Odom v. State, 523 S.E.2d 753, 756 (S.C. 1999).
In White, the South Carolina Supreme Court held that where a PCR judge determines an
applicant did not freely and voluntarily waive his direct appeal rights, the applicant may petition
the South Carolina Supreme Court for review of direct appeal issues to determine if there was
reversible error. White, 208 S.E.2d at 39-40.
On January 19, 2012, Reddic, unrepresented at the time, filed a petition for writ of
habeas corpus under 28 U.S.C. § 2254, asserting nine grounds for relief. On April 12,
2012, respondent filed a motion for summary judgment, and through counsel, Reddic
filed a response in opposition on July 16, 2012. In his response in opposition, Reddic
narrows his habeas petition to the following four grounds for relief3:
Ground Two: Was counsel ineffective where he failed to advise
Petitioner on defense of voluntary manslaughter?
Ground Three: The PCR judge erred in denying relief despite plea
counsel’s provision of ineffective assistance of counsel which resulted
in Petitioner’s entering an involuntary guilty plea where plea counsel
persuaded Petitioner to plead guilty by wrongly telling him that he was
not eligible for a manslaughter charge.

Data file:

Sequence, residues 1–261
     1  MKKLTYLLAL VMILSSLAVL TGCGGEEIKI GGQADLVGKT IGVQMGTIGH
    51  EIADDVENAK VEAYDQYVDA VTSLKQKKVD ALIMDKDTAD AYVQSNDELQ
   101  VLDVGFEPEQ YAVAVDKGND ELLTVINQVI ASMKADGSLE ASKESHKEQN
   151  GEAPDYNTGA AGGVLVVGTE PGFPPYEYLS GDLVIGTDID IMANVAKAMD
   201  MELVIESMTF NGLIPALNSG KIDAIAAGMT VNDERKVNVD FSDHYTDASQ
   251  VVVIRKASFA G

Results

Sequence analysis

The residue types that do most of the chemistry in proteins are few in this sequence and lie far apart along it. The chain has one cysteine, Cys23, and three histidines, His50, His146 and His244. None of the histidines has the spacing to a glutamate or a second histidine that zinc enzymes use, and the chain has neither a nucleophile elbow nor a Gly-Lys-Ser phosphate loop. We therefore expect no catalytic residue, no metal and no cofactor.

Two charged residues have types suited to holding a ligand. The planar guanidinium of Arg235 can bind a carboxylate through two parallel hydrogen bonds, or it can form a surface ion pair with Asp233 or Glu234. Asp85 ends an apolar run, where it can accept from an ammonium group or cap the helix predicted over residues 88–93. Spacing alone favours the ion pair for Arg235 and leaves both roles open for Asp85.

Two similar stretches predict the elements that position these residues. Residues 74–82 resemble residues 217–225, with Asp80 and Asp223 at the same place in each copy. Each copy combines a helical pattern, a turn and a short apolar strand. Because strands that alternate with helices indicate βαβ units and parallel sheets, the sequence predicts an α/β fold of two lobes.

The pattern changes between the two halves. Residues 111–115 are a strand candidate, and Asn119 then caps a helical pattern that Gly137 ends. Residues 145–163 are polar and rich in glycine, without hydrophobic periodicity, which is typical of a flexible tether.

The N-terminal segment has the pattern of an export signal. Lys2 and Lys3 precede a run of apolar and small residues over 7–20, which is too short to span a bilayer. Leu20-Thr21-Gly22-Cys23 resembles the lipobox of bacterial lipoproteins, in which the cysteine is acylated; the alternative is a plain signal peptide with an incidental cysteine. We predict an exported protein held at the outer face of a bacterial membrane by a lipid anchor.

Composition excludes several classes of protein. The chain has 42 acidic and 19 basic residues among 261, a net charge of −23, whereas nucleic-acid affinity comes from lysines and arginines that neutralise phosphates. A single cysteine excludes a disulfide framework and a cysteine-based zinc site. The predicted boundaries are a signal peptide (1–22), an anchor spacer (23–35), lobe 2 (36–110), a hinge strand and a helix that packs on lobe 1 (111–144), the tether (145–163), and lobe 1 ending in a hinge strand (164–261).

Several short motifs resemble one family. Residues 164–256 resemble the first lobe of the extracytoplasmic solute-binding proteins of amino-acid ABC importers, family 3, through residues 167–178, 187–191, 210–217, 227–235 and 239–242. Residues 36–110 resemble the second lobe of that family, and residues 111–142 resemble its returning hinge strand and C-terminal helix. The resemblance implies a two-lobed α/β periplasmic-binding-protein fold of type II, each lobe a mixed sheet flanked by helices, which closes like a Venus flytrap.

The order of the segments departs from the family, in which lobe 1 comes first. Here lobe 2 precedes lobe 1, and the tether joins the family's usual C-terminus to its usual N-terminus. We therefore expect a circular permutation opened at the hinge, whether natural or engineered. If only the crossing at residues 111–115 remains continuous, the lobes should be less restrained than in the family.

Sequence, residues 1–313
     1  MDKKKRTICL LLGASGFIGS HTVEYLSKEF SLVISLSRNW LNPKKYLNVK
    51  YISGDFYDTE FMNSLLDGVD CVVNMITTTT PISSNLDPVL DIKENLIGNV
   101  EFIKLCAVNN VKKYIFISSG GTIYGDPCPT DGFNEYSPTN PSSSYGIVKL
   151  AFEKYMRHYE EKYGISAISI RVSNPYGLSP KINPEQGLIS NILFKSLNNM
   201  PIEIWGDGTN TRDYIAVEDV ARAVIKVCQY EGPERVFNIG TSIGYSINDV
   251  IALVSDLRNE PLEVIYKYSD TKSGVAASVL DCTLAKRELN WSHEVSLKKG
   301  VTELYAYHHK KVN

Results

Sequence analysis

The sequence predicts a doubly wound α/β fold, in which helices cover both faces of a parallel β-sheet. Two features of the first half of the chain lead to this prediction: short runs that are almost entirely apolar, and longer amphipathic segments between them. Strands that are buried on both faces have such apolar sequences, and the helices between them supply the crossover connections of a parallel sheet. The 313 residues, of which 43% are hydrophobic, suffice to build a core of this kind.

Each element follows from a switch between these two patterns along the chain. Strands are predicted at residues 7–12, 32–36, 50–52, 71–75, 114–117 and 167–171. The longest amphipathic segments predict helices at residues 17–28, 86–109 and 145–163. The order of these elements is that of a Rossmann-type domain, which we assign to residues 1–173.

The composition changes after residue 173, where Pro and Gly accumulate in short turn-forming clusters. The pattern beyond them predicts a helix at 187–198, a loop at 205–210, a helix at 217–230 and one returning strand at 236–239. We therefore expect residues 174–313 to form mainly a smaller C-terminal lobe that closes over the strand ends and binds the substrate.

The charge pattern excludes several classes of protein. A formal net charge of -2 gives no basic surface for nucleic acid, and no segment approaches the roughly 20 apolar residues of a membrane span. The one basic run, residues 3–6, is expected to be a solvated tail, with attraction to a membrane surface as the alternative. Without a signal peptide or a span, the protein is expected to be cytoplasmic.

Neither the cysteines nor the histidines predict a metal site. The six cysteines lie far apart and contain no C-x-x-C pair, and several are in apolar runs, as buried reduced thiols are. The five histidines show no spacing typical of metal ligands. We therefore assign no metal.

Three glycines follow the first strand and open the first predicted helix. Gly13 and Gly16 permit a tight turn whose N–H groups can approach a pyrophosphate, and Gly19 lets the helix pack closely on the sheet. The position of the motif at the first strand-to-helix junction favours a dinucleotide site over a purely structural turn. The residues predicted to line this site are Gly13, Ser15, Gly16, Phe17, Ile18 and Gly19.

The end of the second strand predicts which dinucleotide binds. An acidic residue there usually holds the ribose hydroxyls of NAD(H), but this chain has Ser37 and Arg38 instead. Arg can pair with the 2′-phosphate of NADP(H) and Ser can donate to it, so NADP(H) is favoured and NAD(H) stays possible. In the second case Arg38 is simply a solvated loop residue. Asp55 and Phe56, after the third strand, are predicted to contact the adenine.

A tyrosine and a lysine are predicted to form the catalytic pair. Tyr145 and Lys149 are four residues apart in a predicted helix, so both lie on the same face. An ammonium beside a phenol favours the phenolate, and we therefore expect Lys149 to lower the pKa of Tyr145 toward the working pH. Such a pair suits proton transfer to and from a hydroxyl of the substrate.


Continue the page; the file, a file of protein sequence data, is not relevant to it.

Ground Seven: The PCR judge erred in finding that Petitioner was
not entitled to a belated direct appeal.
Ground Nine: Was Petitioner’s guilty plea knowingly and
intelligently entered into?
Pet’r’s Resp. Opp. Resp’t’s Mot. Summ. J. 3.
Respondent asserts that the habeas petition must be dismissed as it was filed
outside of the one-year limitations period established by the Antiterrorism and Effective
Death Penalty Act of 1996 (AEDPA). In her R&R filed on August 13, 2012, the
magistrate judge agrees with respondent and recommends that this court dismiss the
entire petition as untimely. Reddic filed timely objections on August 30, 2012.
II. STANDARD OF REVIEW
This court is charged with conducting a de novo review of any portion of the
magistrate judge’s R&R to which specific, written objections are made. 28 U.S.C.
In his response in opposition to respondent’s motion for summary judgment, Reddic
“withdraw[s] Grounds One, Four, Five, Six and Eight” from his original habeas petition. Pet’r’s
Resp. Opp. Resp’t’s Mot. Summ. J. 3.
636(b)(1). The court may adopt the portions of the R&R to which the plaintiff did not
object, as a party’s failure to object is accepted as agreement with the conclusions of the
magistrate judge. Thomas v. Arn, 474 U.S. 140, 149-50 (1985). The recommendation of
the magistrate judge carries no presumptive weight, and the responsibility to make a final
determination remains with this court. Mathews v. Weber, 423 U.S. 261, 270-71 (1976).
This court may accept, reject, or modify the report of the magistrate judge, in whole or in
part, or may recommit the matter to her with instructions for further consideration. 28
U.S.C. § 636(b)(1).
AEDPA provides relief to persons in custody pursuant to the judgment of a state
court on the ground that the custody is “in violation of the Constitution or laws or treaties
of the United States.” 28 U.S.C. § 2254(a). The statute requires a petitioner to exhaust
available remedies in state court before the federal court may consider a claim. Id. §
2254(b)(1)(A). Further, AEDPA requires that a petition for writ of habeas corpus be filed